Curious how others avoid this issue and/or maintain their path following such that it can recover and reliably follow the path. In many ways the path following part has proved more difficult for me than implementing the navmesh itself.

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Disclaimer: I don't have much experience with path following (it was pretty trivial in the cases where I've done it).

Instead of dumbly going straight to the target node, you can use steering behaviors to tend to go towards that position but avoiding obstacles.

Another idea is to change your target node when you are within a certain radius of the current one and you have a line of sight to the next one.

Some combination of those two ideas should get rid of most of the problematic cases, if not all.
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Disclaimer: Neither do I have much practical experience doing path following in more complex scenarios.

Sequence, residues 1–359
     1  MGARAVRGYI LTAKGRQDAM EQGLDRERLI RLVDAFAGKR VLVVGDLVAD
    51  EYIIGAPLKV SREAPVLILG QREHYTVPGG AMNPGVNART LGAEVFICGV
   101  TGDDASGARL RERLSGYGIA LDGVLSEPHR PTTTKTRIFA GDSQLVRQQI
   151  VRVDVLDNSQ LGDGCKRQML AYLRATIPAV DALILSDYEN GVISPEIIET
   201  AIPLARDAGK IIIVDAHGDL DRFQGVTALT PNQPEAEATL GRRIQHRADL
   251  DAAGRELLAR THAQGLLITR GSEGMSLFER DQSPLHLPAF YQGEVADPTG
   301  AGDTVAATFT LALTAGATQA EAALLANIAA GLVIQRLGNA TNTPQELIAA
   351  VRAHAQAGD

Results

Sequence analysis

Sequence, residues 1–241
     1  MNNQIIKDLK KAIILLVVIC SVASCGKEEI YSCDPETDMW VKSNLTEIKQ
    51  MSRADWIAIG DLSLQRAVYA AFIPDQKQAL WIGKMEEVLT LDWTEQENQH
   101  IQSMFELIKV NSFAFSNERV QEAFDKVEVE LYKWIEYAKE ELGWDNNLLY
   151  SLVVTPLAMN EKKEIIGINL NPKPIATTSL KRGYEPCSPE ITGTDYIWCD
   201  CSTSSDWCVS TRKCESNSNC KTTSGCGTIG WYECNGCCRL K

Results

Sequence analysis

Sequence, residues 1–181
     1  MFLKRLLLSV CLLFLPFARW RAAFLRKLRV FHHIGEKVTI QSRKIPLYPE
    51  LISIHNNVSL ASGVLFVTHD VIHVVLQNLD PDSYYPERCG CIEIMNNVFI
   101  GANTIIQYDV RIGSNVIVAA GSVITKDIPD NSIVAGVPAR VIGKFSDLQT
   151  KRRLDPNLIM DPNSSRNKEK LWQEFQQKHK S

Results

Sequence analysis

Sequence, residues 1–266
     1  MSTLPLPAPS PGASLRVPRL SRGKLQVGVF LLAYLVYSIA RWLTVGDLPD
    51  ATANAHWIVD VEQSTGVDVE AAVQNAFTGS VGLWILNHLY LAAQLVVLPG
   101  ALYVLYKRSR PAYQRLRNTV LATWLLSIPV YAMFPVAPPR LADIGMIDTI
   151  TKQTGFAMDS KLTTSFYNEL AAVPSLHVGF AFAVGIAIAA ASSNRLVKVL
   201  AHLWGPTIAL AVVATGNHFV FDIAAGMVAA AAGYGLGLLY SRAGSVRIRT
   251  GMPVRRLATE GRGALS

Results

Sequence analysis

Instead of dumbly going straight to the target node, you can use steering behaviors to tend to go towards that position but avoiding obstacles.

 

 

I think this approach can fall short when the agent has been pushed off his course far enough to end up behind a wall whereas his target position resides exactly on the opposite side of that wall -> steering forces would eventually cancel out each other. And worse: he could then start sliding himself into a dead-end while still trying to reach the target position and avoiding that wall.